One teacher’s view of ‘value added’ evaluations
I checked my professional ranking the other day. Can you guess what I do? Here is a hint, in case you haven’t read the papers or listened to the news lately. Later this month, my job performance will be published, and I will be publicly ranked against my colleagues. Give up? I am a teacher — fifth grade, to be exact.
After reading the recent stories in this newspaper about “value added” evaluations, which look at whether individual teachers raise or lower their students’ test scores, I requested a link that would allow me to look at my scores in advance of their publication. I had no idea where my ranking might fall. Heart pounding and palms sweating, I clicked on my name, and when I looked at the graph, I was relieved — momentarily. My scores were high. But almost immediately I felt terrible, like a fraud. I felt more removed from teaching than I had in my 15 years on the job. This was my value as a teacher?
To have my worth measured by a tool that I do not trust, and then to have that measurement published to show how I rank against my peers and colleagues, racks my nerves, and I am not one who rattles easily: Remember, I teach fifth grade. But I know how arbitrary those scores can be, and the idea that they alone can identify which teachers are most and least effective is absurd.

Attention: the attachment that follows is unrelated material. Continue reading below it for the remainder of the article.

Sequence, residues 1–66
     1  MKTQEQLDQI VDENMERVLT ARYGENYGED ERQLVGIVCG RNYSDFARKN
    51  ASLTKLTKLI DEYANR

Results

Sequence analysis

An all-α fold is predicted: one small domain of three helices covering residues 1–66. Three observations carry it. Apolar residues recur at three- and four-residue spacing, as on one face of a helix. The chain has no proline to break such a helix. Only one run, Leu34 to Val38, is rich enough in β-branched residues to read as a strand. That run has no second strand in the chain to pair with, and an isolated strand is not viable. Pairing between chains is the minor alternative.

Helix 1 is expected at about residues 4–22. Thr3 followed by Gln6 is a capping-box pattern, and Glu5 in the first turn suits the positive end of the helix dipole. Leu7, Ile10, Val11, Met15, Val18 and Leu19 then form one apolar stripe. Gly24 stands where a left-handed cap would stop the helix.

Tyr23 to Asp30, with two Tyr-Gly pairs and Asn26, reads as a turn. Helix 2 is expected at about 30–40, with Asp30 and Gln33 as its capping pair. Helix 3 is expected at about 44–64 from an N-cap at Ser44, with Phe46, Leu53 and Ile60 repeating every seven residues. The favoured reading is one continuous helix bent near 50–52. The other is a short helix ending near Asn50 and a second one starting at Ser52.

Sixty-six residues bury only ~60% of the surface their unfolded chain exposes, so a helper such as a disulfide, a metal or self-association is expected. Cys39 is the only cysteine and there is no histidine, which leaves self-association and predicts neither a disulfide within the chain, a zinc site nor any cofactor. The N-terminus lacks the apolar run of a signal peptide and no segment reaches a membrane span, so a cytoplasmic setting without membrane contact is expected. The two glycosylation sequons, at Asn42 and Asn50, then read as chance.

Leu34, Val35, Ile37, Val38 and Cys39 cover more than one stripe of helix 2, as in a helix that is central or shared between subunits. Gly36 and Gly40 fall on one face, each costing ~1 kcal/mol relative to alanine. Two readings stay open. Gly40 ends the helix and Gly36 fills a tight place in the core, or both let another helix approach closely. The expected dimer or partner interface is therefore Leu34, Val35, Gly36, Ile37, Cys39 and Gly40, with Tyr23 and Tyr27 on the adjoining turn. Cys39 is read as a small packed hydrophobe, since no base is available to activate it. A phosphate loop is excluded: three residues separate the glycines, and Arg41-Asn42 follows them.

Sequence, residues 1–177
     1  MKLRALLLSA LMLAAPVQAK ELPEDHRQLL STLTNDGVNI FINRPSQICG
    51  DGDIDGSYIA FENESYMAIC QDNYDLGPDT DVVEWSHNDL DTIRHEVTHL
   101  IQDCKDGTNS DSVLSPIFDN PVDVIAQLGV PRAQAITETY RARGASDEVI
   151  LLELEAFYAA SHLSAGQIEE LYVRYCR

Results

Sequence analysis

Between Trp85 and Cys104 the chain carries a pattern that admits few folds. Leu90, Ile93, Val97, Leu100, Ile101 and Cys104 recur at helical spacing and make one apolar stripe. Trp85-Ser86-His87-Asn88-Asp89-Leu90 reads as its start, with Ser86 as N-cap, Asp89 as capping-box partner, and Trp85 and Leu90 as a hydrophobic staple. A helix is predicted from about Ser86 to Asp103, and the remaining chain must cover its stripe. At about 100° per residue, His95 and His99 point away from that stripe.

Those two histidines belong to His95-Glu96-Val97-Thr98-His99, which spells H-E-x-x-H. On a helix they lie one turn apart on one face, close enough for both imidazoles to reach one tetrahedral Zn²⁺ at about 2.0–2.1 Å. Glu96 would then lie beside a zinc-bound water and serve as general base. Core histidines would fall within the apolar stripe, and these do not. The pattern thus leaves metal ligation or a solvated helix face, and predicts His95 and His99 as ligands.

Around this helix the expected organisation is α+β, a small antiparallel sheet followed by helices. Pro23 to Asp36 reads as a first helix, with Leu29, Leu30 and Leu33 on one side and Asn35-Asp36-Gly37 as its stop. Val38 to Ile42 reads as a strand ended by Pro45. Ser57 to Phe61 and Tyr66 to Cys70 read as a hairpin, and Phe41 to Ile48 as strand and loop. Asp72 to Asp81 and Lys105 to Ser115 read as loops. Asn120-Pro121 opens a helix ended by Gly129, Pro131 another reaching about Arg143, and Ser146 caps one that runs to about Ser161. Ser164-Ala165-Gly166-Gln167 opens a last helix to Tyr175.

Consider this: A teacher at my school taught a student last year who had always scored a perfect 600 in math. Last year, the student scored 569. What happened? The student missed one heavily weighted problem on the exam, and that alone caused a 31-point drop. And yet that student’s drop will be figured into the teacher’s final score.
I am lucky; my scores are respectable. I talked with a fourth-grade teacher who was not so fortunate with her ranking, yet I would still be happy to have my child in her classroom. She and many other exceptional teachers in the Los Angeles Unified School District will be tarred as “less effective.”
So what happens when the information is released? Parents in the know will bombard principals with requests to avoid the “less effective” teachers’ classrooms and plead to crowd into the classrooms of those deemed “most effective.”
Will principals, consciously or unconsciously, see the rankings when they look at their staff? How will the information affect teachers who are working to build collegial working environments?
Experts are still arguing about whether value-added measurements are at all reliable, but the published rankings will starkly declare that they can reveal which teachers are more and less effective. The scores give no clue as to why one teacher scores high and another low, but with this kind of public scrutiny, many teachers are likely to spend more time on test preparation at the expense of more meaningful instruction.